One of the early big hits was “Lazy Sunday,” an SNL short, and this arguably revitalized SNL because they can reach new audience. YouTube also built this system called Content ID. That’s basically the world’s most advanced fingerprinting system, where a record label or movie studio or upload their footage to the system. And then YouTube can automatically identify when someone else has uploaded a clip from a movie or a TV show. And then YouTube basically goes to the copyright owner and says, “Yeah, we can take it down. Or if we keep it up, we’ll just give you the ad revenue.” And so that was a genius product that basically kept YouTube in existence and succeeded in and making it a big commercial success.

It’s a complicated system. It’s something that, if you’re a YouTuber, you kind of have to understand the ins and outs of this Content ID.  It’s very automated and confusing, and there’s no one really to call if you have a copyright dispute. The stat they shared was that there were, I think at one point last year, about 4 million copyright claims a day.

Copyright is by no means the only problem that YouTube faces when it comes to moderating its content. There are issues with pornography, hate speech, extremism and violence being uploaded to the platform. And there is a tension between the creators who post this kind of content and critics who want to see it reined in. Could you tell us a little bit about how the company is still trying to address those issues?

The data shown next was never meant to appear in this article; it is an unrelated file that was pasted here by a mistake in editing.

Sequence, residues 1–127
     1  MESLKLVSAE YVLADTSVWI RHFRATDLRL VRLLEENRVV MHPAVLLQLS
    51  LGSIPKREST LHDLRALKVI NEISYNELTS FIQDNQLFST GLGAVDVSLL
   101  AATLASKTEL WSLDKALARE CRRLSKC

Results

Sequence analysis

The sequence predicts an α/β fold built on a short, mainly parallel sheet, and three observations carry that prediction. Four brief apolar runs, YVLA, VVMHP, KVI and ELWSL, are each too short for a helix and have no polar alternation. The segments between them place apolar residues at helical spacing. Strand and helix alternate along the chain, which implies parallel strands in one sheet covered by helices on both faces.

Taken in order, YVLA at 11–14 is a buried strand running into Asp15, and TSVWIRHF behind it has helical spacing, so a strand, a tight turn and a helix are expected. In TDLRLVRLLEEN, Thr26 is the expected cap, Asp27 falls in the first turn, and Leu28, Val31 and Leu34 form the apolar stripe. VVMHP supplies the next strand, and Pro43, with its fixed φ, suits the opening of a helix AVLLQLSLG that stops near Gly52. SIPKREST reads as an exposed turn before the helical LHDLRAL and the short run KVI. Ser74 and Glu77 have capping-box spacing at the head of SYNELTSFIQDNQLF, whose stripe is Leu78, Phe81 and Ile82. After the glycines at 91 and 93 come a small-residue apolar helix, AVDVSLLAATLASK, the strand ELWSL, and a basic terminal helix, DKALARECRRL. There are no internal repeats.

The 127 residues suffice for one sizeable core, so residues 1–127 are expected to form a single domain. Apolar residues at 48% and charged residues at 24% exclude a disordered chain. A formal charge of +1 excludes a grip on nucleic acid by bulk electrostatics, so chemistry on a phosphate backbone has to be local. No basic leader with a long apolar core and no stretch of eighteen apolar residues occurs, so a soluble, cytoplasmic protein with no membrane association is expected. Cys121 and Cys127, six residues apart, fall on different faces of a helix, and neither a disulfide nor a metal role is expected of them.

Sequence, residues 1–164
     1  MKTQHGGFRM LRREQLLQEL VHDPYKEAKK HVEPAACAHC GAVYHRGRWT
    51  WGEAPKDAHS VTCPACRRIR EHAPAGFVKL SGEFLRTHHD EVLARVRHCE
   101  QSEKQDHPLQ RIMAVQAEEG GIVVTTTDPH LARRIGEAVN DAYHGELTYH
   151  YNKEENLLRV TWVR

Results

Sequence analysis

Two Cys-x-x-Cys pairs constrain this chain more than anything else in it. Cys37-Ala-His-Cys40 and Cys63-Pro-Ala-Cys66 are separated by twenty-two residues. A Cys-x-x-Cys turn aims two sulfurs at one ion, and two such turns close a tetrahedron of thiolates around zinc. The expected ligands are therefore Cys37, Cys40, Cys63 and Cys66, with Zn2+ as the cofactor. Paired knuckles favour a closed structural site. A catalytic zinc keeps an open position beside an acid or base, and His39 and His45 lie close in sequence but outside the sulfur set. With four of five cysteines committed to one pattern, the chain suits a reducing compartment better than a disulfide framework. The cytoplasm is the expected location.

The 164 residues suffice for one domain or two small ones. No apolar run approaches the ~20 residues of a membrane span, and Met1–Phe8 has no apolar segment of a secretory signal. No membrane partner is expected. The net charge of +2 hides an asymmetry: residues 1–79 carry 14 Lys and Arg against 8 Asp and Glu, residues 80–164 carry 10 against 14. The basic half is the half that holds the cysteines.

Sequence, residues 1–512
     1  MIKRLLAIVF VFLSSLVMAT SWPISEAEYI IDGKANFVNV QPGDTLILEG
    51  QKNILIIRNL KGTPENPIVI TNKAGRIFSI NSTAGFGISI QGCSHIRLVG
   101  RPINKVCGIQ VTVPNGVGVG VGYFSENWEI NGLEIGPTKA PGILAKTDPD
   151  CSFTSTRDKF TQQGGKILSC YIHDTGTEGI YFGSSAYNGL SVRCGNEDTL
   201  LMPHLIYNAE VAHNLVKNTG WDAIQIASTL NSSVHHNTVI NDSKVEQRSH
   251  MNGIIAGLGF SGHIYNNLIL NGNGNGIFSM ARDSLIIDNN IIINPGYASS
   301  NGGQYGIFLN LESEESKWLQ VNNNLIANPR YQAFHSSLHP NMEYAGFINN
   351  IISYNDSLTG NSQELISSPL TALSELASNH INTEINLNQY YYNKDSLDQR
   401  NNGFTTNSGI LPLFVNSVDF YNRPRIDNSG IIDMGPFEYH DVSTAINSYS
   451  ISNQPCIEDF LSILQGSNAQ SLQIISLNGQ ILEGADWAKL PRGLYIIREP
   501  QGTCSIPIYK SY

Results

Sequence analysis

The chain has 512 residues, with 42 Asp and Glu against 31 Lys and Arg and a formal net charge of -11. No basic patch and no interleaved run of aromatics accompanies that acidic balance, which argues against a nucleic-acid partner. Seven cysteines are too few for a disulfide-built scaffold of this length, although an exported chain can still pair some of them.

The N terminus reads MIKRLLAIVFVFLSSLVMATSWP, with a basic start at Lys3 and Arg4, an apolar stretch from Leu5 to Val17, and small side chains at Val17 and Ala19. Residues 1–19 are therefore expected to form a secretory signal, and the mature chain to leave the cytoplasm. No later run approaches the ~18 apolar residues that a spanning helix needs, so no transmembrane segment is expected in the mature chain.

Right now, I think they have different levers that they can pull that say, Facebook and Twitter don’t have. And one of those is because they have this massive creator economy. They started to “demonetize” – so they’ll remove ads from certain videos if they think it’s sort of not safe for their advertisers. They’ve started to remove videos from their recommendation engine, what they call “borderline” videos. This is content that doesn’t break their rules but comes close enough to potentially cause harm or create egg on the face for the company, so they’re no longer going to promote them algorithmically.

They’ve also dramatically changed their rules around kids’ content, around online harassment, around hate speech, around misinformation during the pandemic, the kind of videos you can make around elections. And they’re trying, ahead of the midterms, to tighten those rules and enforcement. It’s a constant cat and mouse game in part because of the way that YouTube’s setup is meant to be an equalizer, where everyone can be a news channel, everyone can be a celebrity, and they’re still going to be coming to grips with what that means.

A lot of folks have parlayed YouTube videos into a very lucrative career. Has that peaked, in your opinion, or are we going to see YouTube creation as a road to stardom or a potential road to stardom as a as a viable path for folks?

Oh, I don’t think it’s peaked at all. There was a sense early on that it would be kind of a platform to conventional Hollywood. And internally at YouTube, they called it the “SNL model.” Right. Like the early SNL stars went on to make TV and movies. It hasn’t really worked out. Lilly Singh was a popular YouTuber who was given a late night show. That show didn’t really go anywhere.

Their biggest competition now is TikTok. And how many creators will find more success and maybe invest more of their time making TikTok videos than on YouTube? Thus far, YouTube remains the gold standard for making money on the Internet.

Is there a YouTube rabbit hole or guilty pleasure that that you have in your Internet history that you care to divulge at the moment?

Oh, my God. Sure. Yeah. I mean, during the pandemic in particular, like a huge NBA nerd and then will find myself spending hours watching.